As time went on I still went to Clifton House for New Year, I remember I was always in

bed before midnight, I can’t remember if anyone else stayed up. We continued with our annual visit until I was about 16 or 17 and Sheila started going out in London for New Year and eventually Granny became too elderly and frail to keep running Clifton House. I remember the house was getting run down and I think vermin got in, and she and Mum and Dad decided that she would come and live with us at White House Farm. 

We had carers to help us with Granny and as a family we would also take it in turns to see her to bed at night. As she grew more infirm I remembered the times when she comforted me when I was afraid as a child at Clifton House, and I wanted to be there for her as she had been for me. Eventually Granny had to go to a full nursing home before she died but my memories of her remind me of how she influenced all of our lives.

Granny Bamber always wore high heels until she became too ill. She was a delightful lady and even though she became infirm she didn’t get cantankerous with it as some older people do, even my friends would come over and they loved to see her. She had a great serenity about her and she reminded me of Marlene Dietrich or Bette Davis because right up until she died she remained so beautiful because it came from her heart which is the lesson that one learns in jail, it’s laid bare as we have nothing but the cut of our jib to sail the shark infested sea. There is no hiding behind the bling or the bluster and it is all down to Granny Bamber that my little dinghy has sailed along for almost 30 years, ‘cos you see it can seem scary when the seas are rough and there’s no land in sight - but with a bit of luck what ever the storm it will always pass. So the trick, no matter what is hang on ‘cos things always change in time.”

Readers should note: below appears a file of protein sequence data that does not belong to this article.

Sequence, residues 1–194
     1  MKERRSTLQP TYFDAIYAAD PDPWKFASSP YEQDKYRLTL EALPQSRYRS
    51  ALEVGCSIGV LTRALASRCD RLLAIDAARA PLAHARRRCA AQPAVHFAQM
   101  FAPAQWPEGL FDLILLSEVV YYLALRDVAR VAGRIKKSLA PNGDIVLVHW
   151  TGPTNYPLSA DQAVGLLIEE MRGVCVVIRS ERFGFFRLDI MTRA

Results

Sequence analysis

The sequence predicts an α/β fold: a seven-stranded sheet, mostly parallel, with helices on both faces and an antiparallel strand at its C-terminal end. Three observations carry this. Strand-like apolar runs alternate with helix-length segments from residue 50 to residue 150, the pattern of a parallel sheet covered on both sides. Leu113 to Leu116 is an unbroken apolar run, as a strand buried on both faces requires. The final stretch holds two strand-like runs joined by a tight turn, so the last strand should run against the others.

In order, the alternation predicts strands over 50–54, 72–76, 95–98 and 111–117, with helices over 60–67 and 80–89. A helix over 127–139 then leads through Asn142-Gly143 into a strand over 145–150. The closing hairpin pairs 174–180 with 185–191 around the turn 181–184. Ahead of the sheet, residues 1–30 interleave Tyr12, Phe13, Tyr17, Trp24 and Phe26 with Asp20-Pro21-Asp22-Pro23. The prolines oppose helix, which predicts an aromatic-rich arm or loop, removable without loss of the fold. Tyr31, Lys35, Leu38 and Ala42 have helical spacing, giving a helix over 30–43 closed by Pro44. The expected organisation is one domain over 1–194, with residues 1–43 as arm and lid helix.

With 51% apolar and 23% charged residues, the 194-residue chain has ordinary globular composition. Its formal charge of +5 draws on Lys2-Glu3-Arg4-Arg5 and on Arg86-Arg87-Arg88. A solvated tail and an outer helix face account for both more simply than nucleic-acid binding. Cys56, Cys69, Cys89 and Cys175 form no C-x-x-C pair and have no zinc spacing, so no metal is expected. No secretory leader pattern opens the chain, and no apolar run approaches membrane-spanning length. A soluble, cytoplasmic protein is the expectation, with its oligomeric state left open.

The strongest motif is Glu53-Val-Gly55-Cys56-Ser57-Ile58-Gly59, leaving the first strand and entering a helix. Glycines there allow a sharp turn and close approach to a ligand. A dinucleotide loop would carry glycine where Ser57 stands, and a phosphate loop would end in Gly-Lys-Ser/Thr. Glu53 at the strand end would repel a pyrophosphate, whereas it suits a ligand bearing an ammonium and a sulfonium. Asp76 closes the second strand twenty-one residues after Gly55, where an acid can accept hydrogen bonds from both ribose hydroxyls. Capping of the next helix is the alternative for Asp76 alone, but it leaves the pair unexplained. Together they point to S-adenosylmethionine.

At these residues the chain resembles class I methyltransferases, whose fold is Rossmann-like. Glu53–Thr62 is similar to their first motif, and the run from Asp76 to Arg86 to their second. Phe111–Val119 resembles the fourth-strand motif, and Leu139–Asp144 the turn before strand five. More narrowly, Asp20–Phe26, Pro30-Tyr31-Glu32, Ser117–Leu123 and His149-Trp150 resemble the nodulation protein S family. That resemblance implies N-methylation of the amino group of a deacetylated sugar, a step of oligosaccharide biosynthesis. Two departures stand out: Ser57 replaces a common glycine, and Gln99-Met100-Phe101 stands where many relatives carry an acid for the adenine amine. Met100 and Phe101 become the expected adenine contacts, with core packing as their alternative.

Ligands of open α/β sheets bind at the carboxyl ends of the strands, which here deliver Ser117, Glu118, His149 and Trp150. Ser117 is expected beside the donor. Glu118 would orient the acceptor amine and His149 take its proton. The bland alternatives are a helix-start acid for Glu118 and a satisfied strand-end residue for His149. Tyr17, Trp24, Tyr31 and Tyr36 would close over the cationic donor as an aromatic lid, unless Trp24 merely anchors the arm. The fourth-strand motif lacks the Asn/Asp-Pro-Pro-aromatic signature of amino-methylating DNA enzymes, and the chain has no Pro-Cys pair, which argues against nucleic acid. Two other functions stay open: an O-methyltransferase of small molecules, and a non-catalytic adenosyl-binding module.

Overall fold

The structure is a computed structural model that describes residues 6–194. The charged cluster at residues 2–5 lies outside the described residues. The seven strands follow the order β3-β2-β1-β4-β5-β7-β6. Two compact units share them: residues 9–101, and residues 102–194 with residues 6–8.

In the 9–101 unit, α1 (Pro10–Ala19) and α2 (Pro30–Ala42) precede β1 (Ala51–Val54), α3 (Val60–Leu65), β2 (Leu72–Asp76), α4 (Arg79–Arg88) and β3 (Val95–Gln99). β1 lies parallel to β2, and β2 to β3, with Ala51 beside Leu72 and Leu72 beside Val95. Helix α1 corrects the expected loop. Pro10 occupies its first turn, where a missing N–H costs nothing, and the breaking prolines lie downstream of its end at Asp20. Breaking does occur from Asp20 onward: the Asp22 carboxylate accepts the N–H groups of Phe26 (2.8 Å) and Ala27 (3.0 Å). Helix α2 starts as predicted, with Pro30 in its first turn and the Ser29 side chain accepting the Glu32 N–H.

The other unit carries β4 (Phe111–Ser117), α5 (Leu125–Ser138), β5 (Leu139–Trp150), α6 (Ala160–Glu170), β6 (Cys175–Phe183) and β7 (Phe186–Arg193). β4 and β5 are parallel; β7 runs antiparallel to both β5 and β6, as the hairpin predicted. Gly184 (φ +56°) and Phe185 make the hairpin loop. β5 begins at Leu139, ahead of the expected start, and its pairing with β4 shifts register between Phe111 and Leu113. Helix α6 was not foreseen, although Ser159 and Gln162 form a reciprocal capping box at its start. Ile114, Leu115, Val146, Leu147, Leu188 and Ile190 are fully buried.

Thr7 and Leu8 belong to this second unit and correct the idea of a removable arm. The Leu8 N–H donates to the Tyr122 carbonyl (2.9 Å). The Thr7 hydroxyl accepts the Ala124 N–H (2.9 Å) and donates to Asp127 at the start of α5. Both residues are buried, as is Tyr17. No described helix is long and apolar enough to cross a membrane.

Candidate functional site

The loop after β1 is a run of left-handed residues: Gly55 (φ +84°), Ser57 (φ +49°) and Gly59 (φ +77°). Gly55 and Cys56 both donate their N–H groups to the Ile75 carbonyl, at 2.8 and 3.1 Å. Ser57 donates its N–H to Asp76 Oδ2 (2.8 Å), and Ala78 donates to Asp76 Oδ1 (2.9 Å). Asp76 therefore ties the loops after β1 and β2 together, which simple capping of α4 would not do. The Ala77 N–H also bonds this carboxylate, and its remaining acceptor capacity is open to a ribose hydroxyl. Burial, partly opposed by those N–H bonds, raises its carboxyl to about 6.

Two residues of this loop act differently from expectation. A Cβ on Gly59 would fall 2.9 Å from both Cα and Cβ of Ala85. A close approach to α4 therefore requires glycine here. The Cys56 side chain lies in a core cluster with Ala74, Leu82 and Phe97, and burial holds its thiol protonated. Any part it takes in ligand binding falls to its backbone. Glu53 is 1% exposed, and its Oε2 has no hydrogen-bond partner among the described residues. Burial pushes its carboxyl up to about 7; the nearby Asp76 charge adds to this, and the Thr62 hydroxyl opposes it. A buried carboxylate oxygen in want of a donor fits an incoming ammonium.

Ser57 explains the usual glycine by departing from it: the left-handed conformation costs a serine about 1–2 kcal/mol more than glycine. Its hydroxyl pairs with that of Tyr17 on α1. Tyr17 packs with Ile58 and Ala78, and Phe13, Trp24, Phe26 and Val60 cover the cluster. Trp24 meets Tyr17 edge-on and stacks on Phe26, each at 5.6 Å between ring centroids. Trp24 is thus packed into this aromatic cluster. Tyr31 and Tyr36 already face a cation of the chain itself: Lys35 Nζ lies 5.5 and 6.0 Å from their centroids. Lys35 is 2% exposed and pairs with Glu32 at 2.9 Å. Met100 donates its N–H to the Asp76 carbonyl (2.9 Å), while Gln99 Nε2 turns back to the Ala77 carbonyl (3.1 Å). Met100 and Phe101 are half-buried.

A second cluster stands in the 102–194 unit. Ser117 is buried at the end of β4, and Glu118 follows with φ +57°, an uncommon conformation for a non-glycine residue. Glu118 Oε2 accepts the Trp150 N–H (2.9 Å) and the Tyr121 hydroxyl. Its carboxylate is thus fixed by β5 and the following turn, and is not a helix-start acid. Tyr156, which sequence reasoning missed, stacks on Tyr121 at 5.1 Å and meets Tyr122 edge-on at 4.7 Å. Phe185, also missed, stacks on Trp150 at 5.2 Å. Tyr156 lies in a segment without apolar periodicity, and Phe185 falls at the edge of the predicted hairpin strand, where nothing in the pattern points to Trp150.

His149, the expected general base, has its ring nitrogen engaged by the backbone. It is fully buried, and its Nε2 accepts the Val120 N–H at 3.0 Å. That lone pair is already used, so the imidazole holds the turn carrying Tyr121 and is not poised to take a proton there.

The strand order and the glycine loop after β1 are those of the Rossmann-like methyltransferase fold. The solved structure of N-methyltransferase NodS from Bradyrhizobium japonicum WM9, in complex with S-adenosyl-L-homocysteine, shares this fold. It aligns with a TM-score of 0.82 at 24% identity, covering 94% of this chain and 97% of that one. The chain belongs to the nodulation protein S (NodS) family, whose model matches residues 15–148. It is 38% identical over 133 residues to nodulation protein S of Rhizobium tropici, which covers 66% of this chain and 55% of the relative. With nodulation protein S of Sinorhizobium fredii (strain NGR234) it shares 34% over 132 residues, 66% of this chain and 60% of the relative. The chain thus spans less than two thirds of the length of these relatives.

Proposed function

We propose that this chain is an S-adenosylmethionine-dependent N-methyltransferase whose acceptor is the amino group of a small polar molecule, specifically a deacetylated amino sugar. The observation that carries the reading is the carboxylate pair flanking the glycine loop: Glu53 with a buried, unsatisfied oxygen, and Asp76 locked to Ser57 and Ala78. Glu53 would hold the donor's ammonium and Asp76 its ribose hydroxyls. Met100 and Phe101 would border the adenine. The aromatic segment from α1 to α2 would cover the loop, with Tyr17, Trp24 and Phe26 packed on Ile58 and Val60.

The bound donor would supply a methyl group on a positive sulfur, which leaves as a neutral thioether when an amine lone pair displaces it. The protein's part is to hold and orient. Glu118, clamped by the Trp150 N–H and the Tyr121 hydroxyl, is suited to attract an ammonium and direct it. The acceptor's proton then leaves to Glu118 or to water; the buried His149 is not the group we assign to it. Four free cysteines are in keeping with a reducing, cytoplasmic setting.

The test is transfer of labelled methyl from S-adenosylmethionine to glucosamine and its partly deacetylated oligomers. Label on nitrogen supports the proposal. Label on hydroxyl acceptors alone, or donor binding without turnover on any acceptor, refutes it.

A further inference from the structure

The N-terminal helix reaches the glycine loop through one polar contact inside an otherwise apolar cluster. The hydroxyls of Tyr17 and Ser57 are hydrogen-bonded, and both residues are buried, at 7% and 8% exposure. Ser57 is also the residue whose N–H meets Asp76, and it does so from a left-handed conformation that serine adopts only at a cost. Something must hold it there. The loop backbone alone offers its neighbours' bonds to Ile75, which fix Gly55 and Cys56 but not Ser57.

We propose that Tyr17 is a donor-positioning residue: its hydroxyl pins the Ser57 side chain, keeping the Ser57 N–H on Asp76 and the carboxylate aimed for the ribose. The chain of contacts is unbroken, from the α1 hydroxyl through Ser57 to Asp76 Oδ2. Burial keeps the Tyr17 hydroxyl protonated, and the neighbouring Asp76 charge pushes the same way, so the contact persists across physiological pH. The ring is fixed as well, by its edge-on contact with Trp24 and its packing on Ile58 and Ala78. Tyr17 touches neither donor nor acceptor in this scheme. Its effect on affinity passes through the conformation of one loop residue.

Happy New Year for 2014


Jeremy Bamber

Jeremy Bamber
Innocent Jeremy Bamber